“Education must be entertaining and dynamic.” – Julio A. Santiago Quirós
As a student in the Design and Game Development program at Inter American University of Puerto Rico, Julio Alberto Santiago Quirós has been working steadily toward his dream of founding a video gaming company. During his studies, Santiago was introduced to Learning Forward, a Puerto Rican company that supports the effective use of technology. This encounter so inspired Santiago, he focused his efforts on the creation of educational games.
“People now understand that videogames help develop certain skills and students can really learn from them,” says Santiago. “So the most exciting innovation that is happening right now is that people are taking videogames seriously and we’re using these opportunities to make entertaining educational video games.”
Through technological immersion workshops, Santiago developed a broader view of the world of educational gaming at the enterprise level. And he and his peers took their experiences to heart. “We are creating two educational video games for the development of mathematical skills,” says Santiago. “We’ve had the opportunity to go to some schools to show the three videogames we’re working on. All three are related to math problem solving — we’ve integrated complementary and supplementary angles,coordinates and multiplication. The students played the games and gave us feedback.”
In addition to receiving student feedback, Santiago’s work was recognized by the country’s Education Secretary, who acknowledged that video games are an effective way to teach. I’m happy to share today’s Daily Edventure – Julio Santiago – another inspiring innovator who is already changing the face of education today. Enjoy!
What drew you to the field of education? Why is it important to you?
Giving students the opportunity to learn in an attractive and entertaining way. This is very important to me because the students are motivated to study and they have fun while they learn.
Can you tell us about a favorite teacher, or someone who made a difference in your education?
There are many that have made a difference, including my electronics teacher when I was in high school, Luis R. Cañuelas, and my programming professors, Jose M. de Abonguez and Jose A. Rodriguez. They gave me opportunities to grow as a professional.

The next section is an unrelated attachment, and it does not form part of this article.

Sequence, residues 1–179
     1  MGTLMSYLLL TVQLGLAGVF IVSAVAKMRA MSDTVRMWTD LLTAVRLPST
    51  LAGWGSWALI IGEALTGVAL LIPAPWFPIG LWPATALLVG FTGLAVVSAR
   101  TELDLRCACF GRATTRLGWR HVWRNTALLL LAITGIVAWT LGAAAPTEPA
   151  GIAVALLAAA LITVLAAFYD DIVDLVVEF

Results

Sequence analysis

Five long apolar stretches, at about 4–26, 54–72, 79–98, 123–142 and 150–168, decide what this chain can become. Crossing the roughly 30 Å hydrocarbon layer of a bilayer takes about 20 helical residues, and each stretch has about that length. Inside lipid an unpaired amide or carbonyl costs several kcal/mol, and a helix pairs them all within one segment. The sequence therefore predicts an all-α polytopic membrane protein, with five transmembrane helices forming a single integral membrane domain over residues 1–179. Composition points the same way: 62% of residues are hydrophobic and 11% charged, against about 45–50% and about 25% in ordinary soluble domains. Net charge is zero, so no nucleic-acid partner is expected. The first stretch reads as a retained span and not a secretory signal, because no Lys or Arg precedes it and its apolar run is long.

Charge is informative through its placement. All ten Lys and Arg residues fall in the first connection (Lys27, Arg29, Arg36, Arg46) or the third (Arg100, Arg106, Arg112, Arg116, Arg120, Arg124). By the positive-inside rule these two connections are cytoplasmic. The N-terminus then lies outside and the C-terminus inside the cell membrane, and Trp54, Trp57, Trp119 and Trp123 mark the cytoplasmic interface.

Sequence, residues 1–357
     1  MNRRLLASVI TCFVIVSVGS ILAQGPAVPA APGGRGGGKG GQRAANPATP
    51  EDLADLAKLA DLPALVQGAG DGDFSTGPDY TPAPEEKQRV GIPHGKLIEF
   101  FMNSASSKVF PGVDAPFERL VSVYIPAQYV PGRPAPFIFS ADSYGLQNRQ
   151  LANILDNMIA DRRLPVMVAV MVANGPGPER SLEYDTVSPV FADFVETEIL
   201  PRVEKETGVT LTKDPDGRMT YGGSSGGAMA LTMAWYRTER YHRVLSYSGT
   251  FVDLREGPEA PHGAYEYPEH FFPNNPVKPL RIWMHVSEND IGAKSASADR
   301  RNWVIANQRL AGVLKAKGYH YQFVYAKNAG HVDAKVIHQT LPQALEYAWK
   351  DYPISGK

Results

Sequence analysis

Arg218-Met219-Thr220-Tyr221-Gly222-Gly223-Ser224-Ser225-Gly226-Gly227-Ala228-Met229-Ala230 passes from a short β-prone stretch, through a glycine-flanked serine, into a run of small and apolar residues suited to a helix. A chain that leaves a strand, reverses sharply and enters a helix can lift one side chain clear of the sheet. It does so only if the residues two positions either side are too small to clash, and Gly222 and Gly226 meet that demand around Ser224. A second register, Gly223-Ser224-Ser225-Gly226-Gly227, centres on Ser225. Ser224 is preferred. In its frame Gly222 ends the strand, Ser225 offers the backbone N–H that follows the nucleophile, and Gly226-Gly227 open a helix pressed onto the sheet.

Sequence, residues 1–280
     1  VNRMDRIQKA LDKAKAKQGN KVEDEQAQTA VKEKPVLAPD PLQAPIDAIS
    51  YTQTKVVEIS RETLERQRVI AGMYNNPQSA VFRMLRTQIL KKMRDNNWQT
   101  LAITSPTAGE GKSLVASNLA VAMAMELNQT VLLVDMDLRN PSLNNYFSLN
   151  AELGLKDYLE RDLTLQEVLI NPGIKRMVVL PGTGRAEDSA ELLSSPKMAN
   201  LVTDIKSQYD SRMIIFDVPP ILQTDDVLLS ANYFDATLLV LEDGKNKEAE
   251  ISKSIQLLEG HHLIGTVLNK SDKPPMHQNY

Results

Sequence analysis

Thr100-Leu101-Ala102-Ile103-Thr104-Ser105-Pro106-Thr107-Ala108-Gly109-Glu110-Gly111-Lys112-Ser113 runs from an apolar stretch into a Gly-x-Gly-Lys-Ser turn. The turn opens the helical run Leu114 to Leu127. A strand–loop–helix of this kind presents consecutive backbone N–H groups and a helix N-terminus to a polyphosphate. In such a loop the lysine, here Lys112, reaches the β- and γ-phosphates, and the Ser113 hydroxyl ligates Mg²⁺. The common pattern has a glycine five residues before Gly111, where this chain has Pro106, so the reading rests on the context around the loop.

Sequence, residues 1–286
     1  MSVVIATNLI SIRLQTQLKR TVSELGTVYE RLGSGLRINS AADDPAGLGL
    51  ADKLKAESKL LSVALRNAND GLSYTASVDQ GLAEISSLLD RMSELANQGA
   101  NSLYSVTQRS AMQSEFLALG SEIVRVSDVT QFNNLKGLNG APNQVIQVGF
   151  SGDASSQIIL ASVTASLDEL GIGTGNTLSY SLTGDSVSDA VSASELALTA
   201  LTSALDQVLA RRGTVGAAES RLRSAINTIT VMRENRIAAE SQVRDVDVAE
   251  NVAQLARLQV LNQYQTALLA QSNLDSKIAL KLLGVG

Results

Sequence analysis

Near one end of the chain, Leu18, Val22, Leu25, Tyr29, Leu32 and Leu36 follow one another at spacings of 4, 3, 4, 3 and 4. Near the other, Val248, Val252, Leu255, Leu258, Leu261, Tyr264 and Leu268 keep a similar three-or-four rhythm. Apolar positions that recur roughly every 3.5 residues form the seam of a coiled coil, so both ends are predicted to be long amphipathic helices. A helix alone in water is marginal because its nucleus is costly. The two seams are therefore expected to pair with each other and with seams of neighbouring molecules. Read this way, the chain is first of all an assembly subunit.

In your opinion, how has the use of apps, cellphones, and mobile devices changed/is changing education? And your work?
The use of apps and mobile devices give students all the information they need on the Internet, and it’s easy to access.
Is there a 21st century skill (critical thinking and problem solving, communication, collaboration, or creativity and innovation) that you are most passionate about? Why?
Communication and collaboration, because when we’re working as a team, we put together all of our knowledge and we come up with incredible results.
If you could give one educational tool to every child in the world, what would it be? Why?
Books. It is important to read and expand their knowledge with important information.
What is your country doing well currently to support education?
They’re supporting technology in the classroom.
How must education change in your country/region to ensure that students are equipped to thrive in the 21st century?
Education must be entertaining and dynamic. Schools have to help teach students how to use technology correctly, integrate resources on the Internet, and apply them in the classroom.
About Julio A. Santiago Quirós
Universidad Interamericana de Puerto Rico, Recinto Bayamón
Carolina, Puerto Rico
- Birthplace: Carolina, Puerto Rico
- Current residence: Carolina, Puerto Rico
- Website I check every day: IGN.com
- Person who inspires me most: I have a lot of people who inspire me, including family, professors and friends.
- Favorite childhood memory: When I got my first videogame console.
- Favorite book: Marvel Comics
- Favorite music: Hard rock
- What is the best advice you have ever received? When you’re doing something, keep it simple.
- Your favorite quote or motto: “Don’t limit a child to your own learning, for he was born in another time.” – Rabindranath Tagore